9

Try the following code:

first = [1, 2, 3, 4]
second = [2, 3, 4, 5]
third = map(sum, zip(first, second))
| improve this answer | |
  • +1 for this compact and self explanatory solution. It's worth noting that this works for more than 2 lists as well: map(sum, zip(first, second, third, fourth, ...)) – Johan Dettmar Oct 5 '18 at 20:54
6

The easy way and fast way to do this is:

three = [sum(i) for i in zip(first,second)] # [7,9,11,13,15]

Alternatively, you can use numpy sum:

from numpy import sum
three = sum([first,second], axis=0) # array([7,9,11,13,15])
| improve this answer | |
  • 1
    This generalizes nicely to longer lists of lists, which is just what I needed! – Vectornaut May 21 '15 at 2:40
5
first = [1, 2, 3, 4, 5]
second = [6, 7, 8, 9, 10]
three = map(lambda x,y: x+y,first,second)
print three



Output 
[7, 9, 11, 13, 15]
| improve this answer | |
3

one-liner solution

list(map(lambda x,y: x+y, a,b))
| improve this answer | |
2

My answer is repeated with Thiru's that answered it in Mar 17 at 9:25.

It was simpler and quicker, here are his solutions:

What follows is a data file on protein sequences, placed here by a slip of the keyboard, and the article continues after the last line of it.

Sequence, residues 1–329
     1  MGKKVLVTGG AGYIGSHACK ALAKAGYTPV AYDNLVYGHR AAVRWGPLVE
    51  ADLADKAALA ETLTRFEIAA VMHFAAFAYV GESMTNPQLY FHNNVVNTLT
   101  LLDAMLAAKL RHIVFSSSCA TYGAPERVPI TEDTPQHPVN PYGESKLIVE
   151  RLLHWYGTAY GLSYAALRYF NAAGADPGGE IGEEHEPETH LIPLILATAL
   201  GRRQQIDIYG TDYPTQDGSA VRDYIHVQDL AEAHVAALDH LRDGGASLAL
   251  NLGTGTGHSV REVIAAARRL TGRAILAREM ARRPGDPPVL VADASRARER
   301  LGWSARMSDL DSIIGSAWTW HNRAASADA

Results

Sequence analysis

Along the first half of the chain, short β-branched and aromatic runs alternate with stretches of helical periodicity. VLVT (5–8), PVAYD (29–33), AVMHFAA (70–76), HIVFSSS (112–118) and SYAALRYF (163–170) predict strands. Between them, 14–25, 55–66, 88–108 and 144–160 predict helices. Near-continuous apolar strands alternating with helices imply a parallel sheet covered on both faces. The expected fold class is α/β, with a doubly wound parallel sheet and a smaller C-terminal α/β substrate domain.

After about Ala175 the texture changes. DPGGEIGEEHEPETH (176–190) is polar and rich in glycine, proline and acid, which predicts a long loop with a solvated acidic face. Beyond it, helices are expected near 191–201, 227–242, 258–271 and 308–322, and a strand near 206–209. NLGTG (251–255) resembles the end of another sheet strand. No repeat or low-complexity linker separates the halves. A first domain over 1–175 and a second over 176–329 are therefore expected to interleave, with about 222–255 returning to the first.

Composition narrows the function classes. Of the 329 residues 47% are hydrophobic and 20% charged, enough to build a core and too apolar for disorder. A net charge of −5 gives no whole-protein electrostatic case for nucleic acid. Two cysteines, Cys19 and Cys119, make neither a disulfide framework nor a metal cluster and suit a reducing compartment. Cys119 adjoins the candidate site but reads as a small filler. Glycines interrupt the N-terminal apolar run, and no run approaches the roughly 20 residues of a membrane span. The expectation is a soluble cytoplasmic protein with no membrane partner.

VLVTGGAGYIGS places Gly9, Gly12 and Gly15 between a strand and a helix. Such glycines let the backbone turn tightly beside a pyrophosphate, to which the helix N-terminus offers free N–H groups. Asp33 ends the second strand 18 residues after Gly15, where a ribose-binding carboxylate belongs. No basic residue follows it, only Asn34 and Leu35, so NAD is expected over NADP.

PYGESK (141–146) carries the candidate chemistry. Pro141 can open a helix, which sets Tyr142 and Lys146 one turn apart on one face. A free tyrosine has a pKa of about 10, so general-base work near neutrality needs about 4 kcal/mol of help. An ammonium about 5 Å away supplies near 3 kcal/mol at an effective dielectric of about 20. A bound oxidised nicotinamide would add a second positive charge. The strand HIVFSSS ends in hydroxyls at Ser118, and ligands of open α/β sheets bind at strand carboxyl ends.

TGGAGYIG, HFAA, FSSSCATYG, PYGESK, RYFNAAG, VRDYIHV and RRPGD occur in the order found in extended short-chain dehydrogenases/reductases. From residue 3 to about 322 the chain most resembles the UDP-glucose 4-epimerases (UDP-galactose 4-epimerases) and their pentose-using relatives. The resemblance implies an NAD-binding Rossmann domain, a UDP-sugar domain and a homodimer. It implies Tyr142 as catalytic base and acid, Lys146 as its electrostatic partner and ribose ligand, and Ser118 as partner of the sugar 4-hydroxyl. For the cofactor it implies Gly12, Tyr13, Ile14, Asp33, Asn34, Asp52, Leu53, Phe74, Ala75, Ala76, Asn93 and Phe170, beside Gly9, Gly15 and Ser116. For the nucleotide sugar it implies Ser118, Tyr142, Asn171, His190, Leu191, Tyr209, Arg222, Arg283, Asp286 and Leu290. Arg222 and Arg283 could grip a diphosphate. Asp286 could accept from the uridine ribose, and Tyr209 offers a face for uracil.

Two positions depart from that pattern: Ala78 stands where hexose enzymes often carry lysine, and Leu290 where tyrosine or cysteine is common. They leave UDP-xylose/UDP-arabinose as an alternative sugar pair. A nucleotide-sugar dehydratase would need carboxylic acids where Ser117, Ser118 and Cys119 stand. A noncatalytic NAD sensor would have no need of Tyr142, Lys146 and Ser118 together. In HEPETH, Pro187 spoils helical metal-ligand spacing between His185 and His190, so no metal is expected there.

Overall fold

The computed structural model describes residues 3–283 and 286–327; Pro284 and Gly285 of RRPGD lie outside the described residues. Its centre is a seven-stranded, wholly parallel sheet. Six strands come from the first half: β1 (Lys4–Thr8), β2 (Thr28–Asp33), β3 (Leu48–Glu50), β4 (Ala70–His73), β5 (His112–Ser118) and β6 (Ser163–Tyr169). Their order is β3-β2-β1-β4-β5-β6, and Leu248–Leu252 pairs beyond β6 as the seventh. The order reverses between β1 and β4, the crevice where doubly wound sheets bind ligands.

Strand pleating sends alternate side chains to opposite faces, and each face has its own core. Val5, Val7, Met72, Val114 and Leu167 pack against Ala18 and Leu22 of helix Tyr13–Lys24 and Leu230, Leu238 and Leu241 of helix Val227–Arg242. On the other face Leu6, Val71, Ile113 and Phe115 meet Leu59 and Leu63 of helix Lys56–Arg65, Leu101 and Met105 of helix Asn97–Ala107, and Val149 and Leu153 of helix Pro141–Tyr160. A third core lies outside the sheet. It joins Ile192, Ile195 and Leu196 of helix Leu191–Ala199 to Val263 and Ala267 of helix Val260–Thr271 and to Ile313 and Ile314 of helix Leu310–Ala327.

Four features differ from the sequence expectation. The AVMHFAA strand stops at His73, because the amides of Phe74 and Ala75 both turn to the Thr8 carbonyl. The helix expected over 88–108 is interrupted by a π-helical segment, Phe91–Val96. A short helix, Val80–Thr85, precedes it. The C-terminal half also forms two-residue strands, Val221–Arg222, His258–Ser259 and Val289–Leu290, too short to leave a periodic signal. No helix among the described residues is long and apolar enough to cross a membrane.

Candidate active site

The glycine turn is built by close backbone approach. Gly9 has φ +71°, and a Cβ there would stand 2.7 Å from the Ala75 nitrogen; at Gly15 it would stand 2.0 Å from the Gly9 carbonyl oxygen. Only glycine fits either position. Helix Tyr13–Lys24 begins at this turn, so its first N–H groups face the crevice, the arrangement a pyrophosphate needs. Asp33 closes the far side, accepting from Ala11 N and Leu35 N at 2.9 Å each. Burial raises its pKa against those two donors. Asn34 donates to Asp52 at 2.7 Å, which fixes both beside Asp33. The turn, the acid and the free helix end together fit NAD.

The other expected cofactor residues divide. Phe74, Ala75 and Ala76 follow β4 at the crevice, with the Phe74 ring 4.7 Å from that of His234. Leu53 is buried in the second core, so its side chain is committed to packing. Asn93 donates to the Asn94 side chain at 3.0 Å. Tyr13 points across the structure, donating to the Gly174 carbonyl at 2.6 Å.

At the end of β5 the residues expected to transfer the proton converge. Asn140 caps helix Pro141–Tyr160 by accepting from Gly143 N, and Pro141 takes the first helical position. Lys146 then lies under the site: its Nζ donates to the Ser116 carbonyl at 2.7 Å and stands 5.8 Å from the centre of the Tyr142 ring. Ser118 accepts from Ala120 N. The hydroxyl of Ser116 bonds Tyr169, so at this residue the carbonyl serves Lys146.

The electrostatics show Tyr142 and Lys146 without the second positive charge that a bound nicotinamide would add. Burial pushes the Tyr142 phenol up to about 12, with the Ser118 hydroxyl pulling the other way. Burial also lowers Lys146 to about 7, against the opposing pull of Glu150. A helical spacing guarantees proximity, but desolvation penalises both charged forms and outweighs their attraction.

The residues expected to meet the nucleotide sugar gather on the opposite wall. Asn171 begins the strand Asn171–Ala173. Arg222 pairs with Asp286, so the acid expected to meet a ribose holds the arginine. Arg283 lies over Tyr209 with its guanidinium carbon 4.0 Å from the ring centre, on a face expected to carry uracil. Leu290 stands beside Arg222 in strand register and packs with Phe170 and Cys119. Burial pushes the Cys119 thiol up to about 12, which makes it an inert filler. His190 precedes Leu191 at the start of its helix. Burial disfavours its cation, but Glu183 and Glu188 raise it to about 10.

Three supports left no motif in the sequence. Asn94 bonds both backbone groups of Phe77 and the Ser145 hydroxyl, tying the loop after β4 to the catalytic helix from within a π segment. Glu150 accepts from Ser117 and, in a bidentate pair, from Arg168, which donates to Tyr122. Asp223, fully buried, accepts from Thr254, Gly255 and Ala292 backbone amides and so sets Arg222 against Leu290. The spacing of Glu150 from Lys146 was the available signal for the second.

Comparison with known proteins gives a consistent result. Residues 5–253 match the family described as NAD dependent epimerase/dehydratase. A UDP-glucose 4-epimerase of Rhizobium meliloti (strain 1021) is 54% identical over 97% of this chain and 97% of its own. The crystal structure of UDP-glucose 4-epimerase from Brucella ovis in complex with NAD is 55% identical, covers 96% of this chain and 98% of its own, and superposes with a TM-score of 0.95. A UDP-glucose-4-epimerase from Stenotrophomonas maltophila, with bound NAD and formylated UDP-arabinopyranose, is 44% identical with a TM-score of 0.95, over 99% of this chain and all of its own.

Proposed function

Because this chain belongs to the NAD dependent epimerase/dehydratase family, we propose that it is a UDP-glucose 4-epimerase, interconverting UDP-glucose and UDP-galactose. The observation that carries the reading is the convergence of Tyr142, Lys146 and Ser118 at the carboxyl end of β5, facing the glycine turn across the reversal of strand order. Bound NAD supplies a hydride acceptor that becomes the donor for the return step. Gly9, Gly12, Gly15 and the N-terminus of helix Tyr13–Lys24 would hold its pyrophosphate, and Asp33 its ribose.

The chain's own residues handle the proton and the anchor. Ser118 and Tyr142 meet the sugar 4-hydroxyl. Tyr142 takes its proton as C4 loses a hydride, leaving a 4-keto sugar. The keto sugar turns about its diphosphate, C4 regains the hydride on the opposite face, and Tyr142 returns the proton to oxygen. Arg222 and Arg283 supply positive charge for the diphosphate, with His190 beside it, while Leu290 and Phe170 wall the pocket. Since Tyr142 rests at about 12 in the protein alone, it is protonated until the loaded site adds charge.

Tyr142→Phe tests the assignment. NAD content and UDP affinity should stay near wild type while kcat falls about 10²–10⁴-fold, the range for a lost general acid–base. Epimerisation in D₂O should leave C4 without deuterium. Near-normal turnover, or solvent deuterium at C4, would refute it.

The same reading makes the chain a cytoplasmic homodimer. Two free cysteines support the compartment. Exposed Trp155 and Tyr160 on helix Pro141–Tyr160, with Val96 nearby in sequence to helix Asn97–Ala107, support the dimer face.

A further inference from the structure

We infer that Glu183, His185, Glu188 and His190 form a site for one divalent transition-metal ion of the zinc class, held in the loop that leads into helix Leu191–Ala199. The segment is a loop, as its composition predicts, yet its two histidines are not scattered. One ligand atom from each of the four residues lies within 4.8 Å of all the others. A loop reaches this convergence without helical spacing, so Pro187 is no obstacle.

The easy way and fast way to do this is:

 three = [sum(i) for i in zip(first,second)] # [7,9,11,13,15]

Alternatively, you can use numpy sum:

 from numpy import sum
 three = sum([first,second], axis=0) # array([7,9,11,13,15])

You need numpy!

numpy array could do some operation like vectors

import numpy as np
a = [1,2,3,4,5]
b = [6,7,8,9,10]
c = list(np.array(a) + np.array(b))
print c
# [7, 9, 11, 13, 15]
| improve this answer | |
2

If you have an unknown number of lists of the same length, you can use the below function.

Here the *args accepts a variable number of list arguments (but only sums the same number of elements in each). The * is used again to unpack the elements in each of the lists.

def sum_lists(*args):
    return list(map(sum, zip(*args)))

a = [1,2,3]
b = [1,2,3]  

sum_lists(a,b)

Output:

[2, 4, 6]

Or with 3 lists

sum_lists([5,5,5,5,5], [10,10,10,10,10], [4,4,4,4,4])

Output:

[19, 19, 19, 19, 19]
| improve this answer | |
1

You can use zip(), which will "interleave" the two arrays together, and then map(), which will apply a function to each element in an iterable:

>>> a = [1,2,3,4,5]
>>> b = [6,7,8,9,10]
>>> zip(a, b)
[(1, 6), (2, 7), (3, 8), (4, 9), (5, 10)]
>>> map(lambda x: x[0] + x[1], zip(a, b))
[7, 9, 11, 13, 15]
| improve this answer | |
1

Here is another way to do it. We make use of the internal __add__ function of python:

class SumList(object):
    def __init__(self, this_list):
        self.mylist = this_list

    def __add__(self, other):
        new_list = []
        zipped_list = zip(self.mylist, other.mylist)
        for item in zipped_list:
            new_list.append(item[0] + item[1])
        return SumList(new_list)

    def __repr__(self):
        return str(self.mylist)

list1 = SumList([1,2,3,4,5])
list2 = SumList([10,20,30,40,50])